The Israeli Foreign Ministry has located all but one of the Israeli citizens in Nepal known to be in the earthquake-stricken country, though dozens who remain to be rescued face dwindling supplies, biting cold and hostility from some local Nepalese.
The lone Israeli still unaccounted for as of late Wednesday was Or Asraf, 22, of Lahavim, near Be’er Sheva. Asraf, who was on a post-army trip after fighting in Operation Protective Edge in Gaza last summer, was traveling in Langtang when disaster struck. He has not been heard from since last Friday.
Some 40 other Israelis whose identity and whereabouts were known were still waiting to be brought out from remote regions cut off by the earthquake and subsequent tremors. In most cases, helicopters are being used to reach them.
Anxiety to get back to safety after almost a week of hardship has led to some unpleasant scenes. There were fights to get on the choppers, Israeli trekker Lily Milkovich told Reuters. But tensions eased when it became clear that there would be enough flights to bring everyone to safety.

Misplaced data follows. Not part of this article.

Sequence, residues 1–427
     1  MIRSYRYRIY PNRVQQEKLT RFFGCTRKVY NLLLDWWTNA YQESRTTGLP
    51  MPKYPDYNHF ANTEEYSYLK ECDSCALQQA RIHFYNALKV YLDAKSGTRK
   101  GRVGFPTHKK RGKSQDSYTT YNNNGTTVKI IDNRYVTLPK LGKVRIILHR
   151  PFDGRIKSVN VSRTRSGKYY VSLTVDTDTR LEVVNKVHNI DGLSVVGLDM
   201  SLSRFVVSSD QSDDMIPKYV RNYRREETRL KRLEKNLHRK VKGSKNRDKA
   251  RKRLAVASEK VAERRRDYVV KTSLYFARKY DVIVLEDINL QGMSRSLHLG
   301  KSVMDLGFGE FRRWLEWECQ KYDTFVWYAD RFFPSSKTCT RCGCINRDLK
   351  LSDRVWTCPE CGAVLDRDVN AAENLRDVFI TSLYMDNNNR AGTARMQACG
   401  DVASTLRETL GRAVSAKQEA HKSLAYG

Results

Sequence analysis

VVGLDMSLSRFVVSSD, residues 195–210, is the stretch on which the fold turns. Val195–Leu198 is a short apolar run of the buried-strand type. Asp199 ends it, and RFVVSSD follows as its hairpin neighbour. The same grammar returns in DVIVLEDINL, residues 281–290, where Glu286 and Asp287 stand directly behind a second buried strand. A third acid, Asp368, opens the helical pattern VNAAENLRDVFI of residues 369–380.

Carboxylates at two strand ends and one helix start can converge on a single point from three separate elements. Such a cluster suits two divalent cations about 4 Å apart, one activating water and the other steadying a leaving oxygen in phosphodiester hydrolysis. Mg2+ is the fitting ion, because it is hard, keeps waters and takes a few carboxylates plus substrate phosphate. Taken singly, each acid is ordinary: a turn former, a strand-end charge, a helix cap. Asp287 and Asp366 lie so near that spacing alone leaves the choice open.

One Israeli rescuer described the situation in Langtang as “tense,” and said there had been fights over scarce food between stranded trekkers and Nepali villagers.
Yehonathan Lebel, deputy chief of mission at the Israeli embassy in Kathmandu, said bringing the trekkers back to safety was a top priority. “It is very cold up there, people don’t have food and they are getting really desperate,” he said.
Though priority has been given to its own nationals, Israeli rescue efforts are also now turning toward the Nepalese and victims from other countries. Israel’s aid team — which includes over 250 doctors and a fully-equipped field hospital — is the largest of any international aid mission, including those of Japan, China and India.